The recent poll conducted by USA Today and Suffolk University reveals a significant shift in voter preferences among key demographic groups that previously supported President Biden. Notably, former President Trump is now leading among Hispanic and young voters, which is a stark contrast to the 2020 election outcomes.
In the Hispanic demographic, President Biden’s support has notably decreased. In 2020, he garnered 65% of the Hispanic vote, but the recent survey indicates only 34% support for Biden, with Trump leading at 39%. This drop is substantial and indicates a changing political landscape within this community.
Similarly, there has been a shift in support among Black voters, a group that overwhelmingly supported Biden in 2020 with 87% backing. The current survey shows Biden’s support in this group has fallen to 63%. This decline suggests a growing dissatisfaction or disengagement among Black voters towards the current administration.
The survey also highlights a significant change among young voters, a demographic that strongly favored Biden over Trump in 2020. Biden had a 24-point lead over Trump in this group during the last election, but the recent poll shows Trump leading with 37% support compared to Biden’s 33% among voters under 35. This shift could be attributed to various factors, including disappointment over specific policy actions or inactions. For instance, young progressives have expressed discontent over Biden’s handling of issues like climate change, voting rights, and the resumption of student loan repayments after the Supreme Court blocked his debt forgiveness efforts. Additionally, Biden’s stance on international issues, such as his support for Israel in its conflict with Hamas, has not resonated well with many young Americans who tend to empathize more with the Palestinians affected in the conflict.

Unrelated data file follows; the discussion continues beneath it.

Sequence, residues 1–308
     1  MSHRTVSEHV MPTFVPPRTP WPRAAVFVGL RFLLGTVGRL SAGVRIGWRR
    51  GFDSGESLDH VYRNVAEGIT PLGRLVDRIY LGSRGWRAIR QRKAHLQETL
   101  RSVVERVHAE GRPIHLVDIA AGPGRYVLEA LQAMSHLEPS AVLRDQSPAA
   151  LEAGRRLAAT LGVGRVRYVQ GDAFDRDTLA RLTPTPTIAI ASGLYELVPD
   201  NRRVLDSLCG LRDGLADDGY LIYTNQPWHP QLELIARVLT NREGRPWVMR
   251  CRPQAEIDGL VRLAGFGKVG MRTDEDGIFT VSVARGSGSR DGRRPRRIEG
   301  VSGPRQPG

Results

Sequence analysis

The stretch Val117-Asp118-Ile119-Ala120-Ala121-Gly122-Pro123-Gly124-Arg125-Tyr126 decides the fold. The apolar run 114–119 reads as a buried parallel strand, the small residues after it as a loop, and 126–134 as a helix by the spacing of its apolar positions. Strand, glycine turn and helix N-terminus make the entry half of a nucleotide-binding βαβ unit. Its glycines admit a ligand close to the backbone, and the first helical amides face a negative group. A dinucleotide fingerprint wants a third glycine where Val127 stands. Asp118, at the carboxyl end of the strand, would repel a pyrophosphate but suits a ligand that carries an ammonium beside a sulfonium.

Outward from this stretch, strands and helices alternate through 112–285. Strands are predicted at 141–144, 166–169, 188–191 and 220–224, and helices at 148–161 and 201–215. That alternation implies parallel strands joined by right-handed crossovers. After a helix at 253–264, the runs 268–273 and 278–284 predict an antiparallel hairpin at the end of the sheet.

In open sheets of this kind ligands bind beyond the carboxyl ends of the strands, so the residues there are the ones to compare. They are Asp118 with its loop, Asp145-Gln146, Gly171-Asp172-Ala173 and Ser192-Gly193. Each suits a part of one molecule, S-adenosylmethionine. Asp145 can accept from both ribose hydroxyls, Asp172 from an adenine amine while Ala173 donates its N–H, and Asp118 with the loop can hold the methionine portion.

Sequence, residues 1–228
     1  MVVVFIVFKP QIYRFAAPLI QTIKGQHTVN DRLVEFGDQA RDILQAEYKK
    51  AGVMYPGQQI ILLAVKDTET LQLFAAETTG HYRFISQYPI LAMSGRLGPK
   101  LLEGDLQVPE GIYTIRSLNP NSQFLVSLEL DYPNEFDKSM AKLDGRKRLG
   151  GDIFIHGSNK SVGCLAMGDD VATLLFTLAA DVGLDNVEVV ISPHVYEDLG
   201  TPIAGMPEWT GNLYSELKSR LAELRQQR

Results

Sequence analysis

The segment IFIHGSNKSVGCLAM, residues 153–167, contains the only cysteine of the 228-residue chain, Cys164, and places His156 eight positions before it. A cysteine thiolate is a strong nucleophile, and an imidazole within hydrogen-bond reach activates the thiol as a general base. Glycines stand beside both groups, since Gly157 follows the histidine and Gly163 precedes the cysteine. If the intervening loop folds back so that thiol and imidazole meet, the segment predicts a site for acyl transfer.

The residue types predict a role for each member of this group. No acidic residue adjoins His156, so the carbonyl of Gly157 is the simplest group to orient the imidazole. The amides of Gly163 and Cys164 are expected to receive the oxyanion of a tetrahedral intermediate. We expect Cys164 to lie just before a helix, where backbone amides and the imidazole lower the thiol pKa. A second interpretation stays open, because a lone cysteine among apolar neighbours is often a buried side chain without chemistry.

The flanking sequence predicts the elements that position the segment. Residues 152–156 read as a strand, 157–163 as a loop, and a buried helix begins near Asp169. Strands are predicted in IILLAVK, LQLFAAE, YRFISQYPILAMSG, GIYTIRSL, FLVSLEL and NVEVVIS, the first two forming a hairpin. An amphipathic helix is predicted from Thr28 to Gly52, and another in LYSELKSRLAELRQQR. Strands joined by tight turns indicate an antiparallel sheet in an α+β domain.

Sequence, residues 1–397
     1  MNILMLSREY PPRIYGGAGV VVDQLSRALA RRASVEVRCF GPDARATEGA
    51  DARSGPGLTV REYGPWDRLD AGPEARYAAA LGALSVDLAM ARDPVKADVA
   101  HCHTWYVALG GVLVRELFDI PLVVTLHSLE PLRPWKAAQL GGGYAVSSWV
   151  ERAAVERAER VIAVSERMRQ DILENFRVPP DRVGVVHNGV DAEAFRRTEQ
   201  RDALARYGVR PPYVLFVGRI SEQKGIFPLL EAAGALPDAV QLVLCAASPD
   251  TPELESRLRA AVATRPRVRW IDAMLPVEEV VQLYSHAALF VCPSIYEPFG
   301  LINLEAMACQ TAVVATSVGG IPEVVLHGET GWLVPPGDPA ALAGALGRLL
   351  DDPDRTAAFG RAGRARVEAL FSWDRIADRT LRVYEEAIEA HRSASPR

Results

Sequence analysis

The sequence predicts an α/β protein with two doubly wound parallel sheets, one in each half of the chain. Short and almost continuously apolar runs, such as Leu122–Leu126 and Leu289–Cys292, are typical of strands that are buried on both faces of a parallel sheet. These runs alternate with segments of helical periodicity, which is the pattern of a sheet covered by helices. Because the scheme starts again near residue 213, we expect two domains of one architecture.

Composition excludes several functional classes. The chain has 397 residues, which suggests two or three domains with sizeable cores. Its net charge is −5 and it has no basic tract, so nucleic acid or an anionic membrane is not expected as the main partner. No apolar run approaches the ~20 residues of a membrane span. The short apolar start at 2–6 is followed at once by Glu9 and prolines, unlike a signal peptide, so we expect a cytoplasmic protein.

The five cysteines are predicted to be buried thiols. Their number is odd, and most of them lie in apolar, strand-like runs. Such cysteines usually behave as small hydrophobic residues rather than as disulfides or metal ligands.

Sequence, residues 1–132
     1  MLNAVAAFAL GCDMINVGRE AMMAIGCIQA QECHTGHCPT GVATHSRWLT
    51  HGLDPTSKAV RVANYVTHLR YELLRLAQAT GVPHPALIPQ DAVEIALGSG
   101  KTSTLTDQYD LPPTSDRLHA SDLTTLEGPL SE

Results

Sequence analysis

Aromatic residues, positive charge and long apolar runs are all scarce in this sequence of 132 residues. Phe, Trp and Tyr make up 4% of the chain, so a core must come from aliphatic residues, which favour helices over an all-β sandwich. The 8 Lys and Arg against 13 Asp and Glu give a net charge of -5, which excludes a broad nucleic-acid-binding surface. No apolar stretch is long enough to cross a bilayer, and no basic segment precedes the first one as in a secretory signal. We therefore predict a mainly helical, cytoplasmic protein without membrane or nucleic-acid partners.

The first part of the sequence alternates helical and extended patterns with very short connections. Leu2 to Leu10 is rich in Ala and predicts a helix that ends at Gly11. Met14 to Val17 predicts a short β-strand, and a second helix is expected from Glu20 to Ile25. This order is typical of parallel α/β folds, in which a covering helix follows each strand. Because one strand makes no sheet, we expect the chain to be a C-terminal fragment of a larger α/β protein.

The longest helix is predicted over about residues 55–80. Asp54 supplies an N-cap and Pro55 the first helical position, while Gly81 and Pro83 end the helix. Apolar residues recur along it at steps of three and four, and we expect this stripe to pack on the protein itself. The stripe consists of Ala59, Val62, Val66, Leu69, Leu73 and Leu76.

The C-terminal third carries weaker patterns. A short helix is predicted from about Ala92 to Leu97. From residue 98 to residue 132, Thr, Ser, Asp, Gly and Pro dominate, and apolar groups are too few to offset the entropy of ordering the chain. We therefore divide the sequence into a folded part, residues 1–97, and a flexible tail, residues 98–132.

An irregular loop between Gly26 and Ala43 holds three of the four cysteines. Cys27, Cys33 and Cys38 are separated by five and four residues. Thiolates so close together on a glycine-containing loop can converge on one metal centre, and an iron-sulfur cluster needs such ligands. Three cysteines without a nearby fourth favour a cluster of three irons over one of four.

It’s worth noting that while Biden is losing support in these groups, many voters are turning towards third-party candidates rather than aligning with Trump. About 20-21% of Hispanic, Black, and younger voters surveyed indicated they would support a candidate other than Trump or Biden.
This survey, conducted from December 26 to 29 among 1,000 likely voters, presents a margin of error of 3.1 percentage points. It paints a picture of a shifting political landscape ahead of a critical election year, highlighting challenges for the Biden administration in reconnecting with key segments of the electorate that were instrumental in his 2020 victory.